- Add a mandatory condition to every offer, making the purchase conditional on financing.
- Create an industry watchdog to review transactions where homes are sold well over asking price.
- Introduce more housing supply.
Increasing housing supply, says Alexander, is the real and only solution to Canada’s housing affordability crisis.
One of the reasons why it could be challenging to envision a real estate crash in Ontario is because demand is soaring and housing inventory is down. Should new supply come online, it could ease the monumental growth in prices. But are inventories beginning to increase again amid the typically busy spring season? The early indicators point to positive trends in this area.
According to the Canada Mortgage and Housing Corporation (CMHC), national housing starts surged at an all-time high of 21.6 per cent in March to a seasonally-adjusted annualized rate of 335,200 units. Most of the gains were for multiple urban starts, climbing 33.8 per cent, followed by a 3.6-per-cent jump in single-detached urban starts. In Ontario, housing starts advanced 80,660 in March, nearly double from the same time a year ago. In the first three months of 2021, housing starts have topped 200,000.
Royce Mendes, the senior economist at CIBC Economics, said in a research note to clients that this is a step in the right direction for cooling off the impressive numbers.
“The big acceleration came as weather was unseasonably warm in many parts of the country,” Mendes stated. “Red-hot demand for real estate propelled a record month for housing starts in March. While the market will need a long stretch of supply growth to have a meaningful effect on prices, the March numbers are a solid start.”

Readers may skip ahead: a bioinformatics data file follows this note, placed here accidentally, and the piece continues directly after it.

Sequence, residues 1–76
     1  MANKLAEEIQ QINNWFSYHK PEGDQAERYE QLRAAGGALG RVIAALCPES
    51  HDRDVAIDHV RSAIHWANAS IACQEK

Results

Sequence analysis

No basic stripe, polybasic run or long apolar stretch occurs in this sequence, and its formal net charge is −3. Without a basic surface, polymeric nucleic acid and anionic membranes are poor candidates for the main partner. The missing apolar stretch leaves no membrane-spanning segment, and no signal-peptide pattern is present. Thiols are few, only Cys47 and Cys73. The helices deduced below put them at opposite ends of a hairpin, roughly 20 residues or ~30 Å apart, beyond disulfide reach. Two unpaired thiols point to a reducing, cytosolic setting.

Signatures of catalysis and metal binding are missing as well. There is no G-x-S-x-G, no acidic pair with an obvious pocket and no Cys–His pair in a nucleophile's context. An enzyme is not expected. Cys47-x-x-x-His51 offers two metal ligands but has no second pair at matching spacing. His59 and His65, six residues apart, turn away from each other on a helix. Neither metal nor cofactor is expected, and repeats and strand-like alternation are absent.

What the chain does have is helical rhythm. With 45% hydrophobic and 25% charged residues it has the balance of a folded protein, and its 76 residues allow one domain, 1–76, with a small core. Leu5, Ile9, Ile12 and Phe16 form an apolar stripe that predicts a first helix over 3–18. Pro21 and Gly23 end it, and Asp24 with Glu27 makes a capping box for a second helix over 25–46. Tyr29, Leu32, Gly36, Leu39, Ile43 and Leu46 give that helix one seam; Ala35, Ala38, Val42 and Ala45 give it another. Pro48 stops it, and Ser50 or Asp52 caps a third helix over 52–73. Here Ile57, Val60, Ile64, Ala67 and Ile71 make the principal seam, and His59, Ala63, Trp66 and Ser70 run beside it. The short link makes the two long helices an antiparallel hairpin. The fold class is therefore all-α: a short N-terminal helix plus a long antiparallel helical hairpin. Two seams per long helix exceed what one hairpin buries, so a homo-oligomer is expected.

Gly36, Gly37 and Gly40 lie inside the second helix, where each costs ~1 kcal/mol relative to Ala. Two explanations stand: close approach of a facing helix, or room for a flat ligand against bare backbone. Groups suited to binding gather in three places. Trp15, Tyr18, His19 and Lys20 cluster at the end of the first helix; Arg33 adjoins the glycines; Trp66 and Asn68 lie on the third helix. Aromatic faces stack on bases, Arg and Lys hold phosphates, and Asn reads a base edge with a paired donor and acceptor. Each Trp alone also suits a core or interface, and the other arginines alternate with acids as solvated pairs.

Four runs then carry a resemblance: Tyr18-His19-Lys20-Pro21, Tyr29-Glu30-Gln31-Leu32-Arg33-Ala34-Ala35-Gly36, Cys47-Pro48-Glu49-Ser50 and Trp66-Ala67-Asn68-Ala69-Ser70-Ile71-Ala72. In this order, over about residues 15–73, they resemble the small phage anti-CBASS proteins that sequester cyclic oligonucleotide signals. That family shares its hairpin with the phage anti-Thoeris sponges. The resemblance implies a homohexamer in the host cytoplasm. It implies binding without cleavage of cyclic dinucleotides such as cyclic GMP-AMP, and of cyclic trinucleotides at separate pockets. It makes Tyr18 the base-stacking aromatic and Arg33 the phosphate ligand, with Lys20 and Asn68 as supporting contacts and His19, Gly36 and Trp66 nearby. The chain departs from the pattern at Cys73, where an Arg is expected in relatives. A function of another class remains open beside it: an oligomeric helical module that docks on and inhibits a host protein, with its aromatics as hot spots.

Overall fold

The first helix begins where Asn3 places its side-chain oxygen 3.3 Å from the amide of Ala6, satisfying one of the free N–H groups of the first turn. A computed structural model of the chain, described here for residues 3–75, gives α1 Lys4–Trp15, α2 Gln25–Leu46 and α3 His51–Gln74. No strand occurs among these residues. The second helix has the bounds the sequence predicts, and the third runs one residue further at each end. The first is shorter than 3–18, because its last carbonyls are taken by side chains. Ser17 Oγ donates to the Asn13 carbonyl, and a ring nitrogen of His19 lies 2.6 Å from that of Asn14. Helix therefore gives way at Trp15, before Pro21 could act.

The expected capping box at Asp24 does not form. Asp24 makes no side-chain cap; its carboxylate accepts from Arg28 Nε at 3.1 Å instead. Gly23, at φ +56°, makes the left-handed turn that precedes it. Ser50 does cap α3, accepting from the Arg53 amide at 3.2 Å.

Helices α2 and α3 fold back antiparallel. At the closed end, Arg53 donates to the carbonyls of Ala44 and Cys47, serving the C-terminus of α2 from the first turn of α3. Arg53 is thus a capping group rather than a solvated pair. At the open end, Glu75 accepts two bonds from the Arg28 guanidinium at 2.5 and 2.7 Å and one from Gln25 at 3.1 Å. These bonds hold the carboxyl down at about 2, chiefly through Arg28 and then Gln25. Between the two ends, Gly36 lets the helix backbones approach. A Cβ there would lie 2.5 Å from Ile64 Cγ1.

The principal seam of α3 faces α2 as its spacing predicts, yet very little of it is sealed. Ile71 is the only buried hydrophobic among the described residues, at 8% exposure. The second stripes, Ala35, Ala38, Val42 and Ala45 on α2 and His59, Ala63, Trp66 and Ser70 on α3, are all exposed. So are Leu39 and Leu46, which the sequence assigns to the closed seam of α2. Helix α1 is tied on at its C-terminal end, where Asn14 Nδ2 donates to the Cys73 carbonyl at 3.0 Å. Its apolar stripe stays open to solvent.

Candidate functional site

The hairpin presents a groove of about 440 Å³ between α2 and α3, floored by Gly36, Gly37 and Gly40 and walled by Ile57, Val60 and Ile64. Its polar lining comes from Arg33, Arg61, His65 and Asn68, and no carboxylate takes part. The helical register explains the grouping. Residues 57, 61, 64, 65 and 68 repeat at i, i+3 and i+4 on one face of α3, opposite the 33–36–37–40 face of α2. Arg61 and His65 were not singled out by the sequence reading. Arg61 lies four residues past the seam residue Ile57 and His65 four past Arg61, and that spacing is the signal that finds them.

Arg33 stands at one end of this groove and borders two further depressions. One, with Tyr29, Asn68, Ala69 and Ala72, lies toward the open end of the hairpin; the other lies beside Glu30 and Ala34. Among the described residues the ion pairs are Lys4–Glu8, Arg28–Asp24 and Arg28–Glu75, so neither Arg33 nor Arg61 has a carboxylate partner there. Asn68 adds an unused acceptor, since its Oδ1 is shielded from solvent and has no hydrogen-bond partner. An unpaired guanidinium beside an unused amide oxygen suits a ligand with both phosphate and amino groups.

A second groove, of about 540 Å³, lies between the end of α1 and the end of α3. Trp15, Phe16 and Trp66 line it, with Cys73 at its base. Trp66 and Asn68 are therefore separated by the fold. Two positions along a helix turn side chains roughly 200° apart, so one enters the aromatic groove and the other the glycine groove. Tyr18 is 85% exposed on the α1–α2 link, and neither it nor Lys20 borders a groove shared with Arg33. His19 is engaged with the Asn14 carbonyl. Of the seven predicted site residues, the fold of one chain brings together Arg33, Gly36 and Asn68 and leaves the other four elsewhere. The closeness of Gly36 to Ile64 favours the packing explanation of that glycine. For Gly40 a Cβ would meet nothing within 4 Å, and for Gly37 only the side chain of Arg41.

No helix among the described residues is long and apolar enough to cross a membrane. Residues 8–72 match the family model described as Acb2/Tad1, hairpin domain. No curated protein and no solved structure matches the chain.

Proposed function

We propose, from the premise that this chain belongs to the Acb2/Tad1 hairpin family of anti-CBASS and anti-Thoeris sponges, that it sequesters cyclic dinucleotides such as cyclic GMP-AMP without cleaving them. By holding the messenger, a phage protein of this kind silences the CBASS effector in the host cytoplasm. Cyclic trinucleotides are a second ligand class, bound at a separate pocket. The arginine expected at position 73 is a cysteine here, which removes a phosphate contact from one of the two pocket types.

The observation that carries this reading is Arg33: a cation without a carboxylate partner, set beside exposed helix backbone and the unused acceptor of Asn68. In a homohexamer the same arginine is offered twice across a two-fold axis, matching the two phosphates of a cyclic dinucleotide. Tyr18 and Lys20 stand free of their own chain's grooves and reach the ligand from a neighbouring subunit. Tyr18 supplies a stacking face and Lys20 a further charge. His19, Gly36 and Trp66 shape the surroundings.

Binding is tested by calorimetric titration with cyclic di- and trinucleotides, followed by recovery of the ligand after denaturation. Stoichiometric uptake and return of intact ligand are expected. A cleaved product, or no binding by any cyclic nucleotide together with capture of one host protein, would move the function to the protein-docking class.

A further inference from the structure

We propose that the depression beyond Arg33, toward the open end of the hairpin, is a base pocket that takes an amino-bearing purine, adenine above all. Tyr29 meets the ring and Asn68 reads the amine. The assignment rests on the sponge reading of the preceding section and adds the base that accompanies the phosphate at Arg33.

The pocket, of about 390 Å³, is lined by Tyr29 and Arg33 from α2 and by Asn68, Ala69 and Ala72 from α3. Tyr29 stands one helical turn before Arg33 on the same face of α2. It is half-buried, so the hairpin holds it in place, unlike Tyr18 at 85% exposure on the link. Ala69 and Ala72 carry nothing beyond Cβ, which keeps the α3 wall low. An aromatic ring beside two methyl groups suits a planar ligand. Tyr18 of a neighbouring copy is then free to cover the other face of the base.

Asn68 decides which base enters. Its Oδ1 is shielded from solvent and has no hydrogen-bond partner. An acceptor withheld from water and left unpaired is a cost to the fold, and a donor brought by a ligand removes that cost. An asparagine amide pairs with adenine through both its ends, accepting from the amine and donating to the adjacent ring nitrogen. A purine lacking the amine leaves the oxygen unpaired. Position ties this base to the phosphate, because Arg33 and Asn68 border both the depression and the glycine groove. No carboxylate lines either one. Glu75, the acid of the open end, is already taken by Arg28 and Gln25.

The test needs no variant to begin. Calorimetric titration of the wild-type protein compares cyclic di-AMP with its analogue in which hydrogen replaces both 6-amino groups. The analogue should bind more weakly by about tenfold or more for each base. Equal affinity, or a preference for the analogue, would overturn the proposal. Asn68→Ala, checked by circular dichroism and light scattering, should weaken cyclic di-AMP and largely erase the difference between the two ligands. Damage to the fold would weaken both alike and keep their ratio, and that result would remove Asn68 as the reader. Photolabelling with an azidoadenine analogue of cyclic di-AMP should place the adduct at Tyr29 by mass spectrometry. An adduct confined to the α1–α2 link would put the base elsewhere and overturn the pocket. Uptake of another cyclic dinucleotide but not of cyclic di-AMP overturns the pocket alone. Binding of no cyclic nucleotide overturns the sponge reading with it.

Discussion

With the current trends unfolding in both the province and the rest of the country, the key question is: is this the new normal for Canadian real estate? The answer to that question could also forge the path for how the real estate market performs moving forward.
Changing Homebuyer Needs
Since the financial crisis more than a decade ago, Canada’s largest cities witnessed an epic real estate boom. Condominium valuations were skyrocketing, detached and semi-detached homes were being sold for premiums, and the skylines of Toronto and Vancouver were dotted with cranes. Then the coronavirus pandemic shook up the housing industry.
Rather quickly, city slickers were ditching the lights and glamour of metropolitan hubs, seeking greener pastures in small towns, suburban areas and rural communities. Now that they required more space at home to accommodate work, school, entertainment, and fitness amid a nation-wide lockdown, a 700-sq.-ft. box in the sky was no longer a viable option for a three-person-plus-dog household. With a massive windfall in hand, these former urban dwellers took their home equity to cottage country, where they outbid other hopeful homebuyers, resulting in record average price growth on recreational properties, from humble bunkies to luxury waterfront homes.
Is this a permanent change in the Ontario real estate market, or is it a temporary adjustment until the COVID-19 pandemic is over? Moreover, could a return to some semblance of normalcy lead to a correction in the nation’s and province’s housing market? While the future remains uncertain, our eyes are glued to the data as we watch history unfold during this unprecedented time.